Archive for June, 2011

Lessons of Value, Part 2

Wednesday, June 15th, 2011

To help my students recognize the importance and effectiveness of a good value range in their work, I had them begin a project, as I wrote about last time, with a monochromatic under layer to establish their values. The second stage of the project was to introduce supplemental color.

I limited my students to the use of only two additional colors, of their choice. I opted to use brown madder and raw sienna over my own indigo base in “Stones in Shell Dish” (#110307).

110307 Stones in Shell Dish (final)

I began with a light wash of raw sienna across the entire dish, then glazed more localized areas with one or more of my three colors to achieve the effect I wanted. The more I worked, the more I continued to increase the value range that even the initial monochrome study had not reached. I cannot tell you how many glazes I applied, because I didn’t keep track. Layer after layer after layer went on. I worked on the piece for several weeks, both in class and out of class, until I was finally satisfied with it.

My students weren’t the only ones who learned from that lesson. But that’s part of why I enjoy teaching. There’s always something more to learn. And one of the best ways to learn is by doing the assignments right along with my students.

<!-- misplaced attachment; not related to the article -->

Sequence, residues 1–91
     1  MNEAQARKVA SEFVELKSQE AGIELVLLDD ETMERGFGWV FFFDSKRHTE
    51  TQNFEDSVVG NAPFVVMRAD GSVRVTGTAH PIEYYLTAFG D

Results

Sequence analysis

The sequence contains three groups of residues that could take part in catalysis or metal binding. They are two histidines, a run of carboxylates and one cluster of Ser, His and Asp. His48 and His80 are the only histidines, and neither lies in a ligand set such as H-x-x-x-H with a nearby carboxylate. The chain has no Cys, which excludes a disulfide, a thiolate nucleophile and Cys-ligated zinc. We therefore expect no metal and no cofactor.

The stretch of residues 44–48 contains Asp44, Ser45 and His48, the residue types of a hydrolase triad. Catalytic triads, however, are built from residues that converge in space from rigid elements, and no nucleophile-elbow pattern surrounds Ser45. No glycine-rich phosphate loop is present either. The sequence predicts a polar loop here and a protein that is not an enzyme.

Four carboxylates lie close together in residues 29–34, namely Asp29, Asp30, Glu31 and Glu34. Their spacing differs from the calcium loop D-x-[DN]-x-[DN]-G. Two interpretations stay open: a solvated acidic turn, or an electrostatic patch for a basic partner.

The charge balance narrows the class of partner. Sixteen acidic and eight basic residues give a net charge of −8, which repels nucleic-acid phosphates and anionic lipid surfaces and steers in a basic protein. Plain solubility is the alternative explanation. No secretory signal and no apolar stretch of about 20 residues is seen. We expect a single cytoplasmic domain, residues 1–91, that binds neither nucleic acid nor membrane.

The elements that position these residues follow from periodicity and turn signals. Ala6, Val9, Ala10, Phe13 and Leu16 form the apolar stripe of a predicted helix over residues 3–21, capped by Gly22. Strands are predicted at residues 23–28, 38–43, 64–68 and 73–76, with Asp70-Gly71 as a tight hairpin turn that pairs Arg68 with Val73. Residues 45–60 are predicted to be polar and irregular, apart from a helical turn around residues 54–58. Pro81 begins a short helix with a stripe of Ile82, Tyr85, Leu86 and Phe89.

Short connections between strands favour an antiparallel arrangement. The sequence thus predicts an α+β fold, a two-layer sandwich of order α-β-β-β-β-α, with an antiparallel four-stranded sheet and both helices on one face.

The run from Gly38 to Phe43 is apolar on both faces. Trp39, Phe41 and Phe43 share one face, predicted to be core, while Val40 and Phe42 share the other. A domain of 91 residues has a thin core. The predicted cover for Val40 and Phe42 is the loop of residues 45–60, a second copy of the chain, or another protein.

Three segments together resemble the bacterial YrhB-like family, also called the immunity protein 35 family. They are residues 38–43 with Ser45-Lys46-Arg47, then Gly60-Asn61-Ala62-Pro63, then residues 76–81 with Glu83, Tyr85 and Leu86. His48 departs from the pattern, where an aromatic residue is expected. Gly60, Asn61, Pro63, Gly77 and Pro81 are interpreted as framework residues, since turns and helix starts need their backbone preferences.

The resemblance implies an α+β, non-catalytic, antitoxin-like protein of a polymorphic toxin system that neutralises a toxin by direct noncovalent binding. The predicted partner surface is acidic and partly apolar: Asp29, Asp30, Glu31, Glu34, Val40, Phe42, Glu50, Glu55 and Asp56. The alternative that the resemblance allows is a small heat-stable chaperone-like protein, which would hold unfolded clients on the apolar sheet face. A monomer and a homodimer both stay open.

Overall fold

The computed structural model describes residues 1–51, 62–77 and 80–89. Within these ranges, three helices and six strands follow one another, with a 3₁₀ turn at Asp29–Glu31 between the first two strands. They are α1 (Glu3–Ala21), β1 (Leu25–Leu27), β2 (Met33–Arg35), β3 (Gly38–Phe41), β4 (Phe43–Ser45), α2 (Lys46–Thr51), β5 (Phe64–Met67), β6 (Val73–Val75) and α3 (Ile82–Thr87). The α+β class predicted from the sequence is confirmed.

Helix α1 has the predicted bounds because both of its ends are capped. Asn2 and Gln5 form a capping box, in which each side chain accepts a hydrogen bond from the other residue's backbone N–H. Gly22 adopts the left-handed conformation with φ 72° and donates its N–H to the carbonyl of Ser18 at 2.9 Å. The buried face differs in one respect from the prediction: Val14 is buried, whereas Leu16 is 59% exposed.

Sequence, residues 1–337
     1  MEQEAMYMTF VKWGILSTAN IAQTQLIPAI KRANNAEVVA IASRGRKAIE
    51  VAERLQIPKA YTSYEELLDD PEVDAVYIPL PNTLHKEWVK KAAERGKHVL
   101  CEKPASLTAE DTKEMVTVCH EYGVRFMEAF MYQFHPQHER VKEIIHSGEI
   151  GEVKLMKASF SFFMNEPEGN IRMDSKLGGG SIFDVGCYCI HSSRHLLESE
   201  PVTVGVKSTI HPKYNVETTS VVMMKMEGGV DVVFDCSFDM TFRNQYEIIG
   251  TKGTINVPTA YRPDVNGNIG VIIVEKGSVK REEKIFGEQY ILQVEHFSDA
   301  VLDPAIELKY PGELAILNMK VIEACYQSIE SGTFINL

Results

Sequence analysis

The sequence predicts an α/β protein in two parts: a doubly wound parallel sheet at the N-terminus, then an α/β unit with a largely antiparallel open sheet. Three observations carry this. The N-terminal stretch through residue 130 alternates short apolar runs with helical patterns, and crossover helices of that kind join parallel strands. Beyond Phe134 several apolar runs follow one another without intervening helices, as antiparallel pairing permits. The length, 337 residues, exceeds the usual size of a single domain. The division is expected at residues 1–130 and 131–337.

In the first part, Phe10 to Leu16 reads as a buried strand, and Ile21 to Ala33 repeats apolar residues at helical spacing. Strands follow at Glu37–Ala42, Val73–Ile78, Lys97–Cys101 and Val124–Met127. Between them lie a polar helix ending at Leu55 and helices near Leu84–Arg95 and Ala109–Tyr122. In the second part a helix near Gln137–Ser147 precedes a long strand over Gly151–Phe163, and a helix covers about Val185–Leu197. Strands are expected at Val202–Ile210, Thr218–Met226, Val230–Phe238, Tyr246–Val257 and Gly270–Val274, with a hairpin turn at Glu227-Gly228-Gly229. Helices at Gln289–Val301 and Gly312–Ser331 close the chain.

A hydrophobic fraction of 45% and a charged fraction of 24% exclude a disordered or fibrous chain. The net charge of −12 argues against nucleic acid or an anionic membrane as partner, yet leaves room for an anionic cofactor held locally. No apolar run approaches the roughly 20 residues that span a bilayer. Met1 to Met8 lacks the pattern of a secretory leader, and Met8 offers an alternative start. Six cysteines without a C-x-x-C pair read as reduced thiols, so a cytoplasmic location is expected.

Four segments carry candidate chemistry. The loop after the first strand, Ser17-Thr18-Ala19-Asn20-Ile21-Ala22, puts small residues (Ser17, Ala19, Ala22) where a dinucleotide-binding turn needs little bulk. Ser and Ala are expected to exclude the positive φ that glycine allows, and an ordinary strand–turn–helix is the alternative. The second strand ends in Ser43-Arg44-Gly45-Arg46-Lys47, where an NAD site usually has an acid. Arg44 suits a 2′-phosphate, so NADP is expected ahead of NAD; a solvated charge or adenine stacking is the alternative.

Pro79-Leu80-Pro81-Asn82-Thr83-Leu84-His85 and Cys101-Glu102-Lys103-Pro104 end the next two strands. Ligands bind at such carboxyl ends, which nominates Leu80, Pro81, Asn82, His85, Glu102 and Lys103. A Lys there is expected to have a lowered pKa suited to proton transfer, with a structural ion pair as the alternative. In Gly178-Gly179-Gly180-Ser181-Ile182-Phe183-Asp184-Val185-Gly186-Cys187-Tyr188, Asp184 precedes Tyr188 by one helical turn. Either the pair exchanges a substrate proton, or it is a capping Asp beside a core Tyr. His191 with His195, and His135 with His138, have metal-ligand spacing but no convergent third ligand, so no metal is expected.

Lessons of Value, Part 1

Wednesday, June 1st, 2011

I thought it would benefit my students this spring to see how to create a good range of value without simultaneously dealing with the complicating factor of variable colors.

There were several previous lessons I wanted to reinforce. But the primary lesson I wanted them to learn was to focus solely on value changes, ignoring color entirely. So the assignment was to create a monochromatic painting in the single hue of their choice to act as a base layer, over which supplemental color would later be glazed. I elected to work in indigo as my underlying shadow color for “Stones in Shell Dish” (#110307).

110307 Stones in Shell Dish (monochromatic study)

I began with a drawing that depicted only the hard edges of the still life. We used gradation to achieve soft lines and lost edges. It was not an easy assignment. But I think it’s safe to say that everyone learned a lot about painting shapes instead of objects, creating graded washes in both large and small areas, achieving smooth transitions from one value to another, reserving highlights and reclaiming light areas that had been lost. They also learned to recognize that visible lines meant there was still work to be done—increasing value on one side or the other of the line until the drawn line disappeared and the value change itself was all that marked the division of elements.

Next time I’ll discuss the finished, full-color version.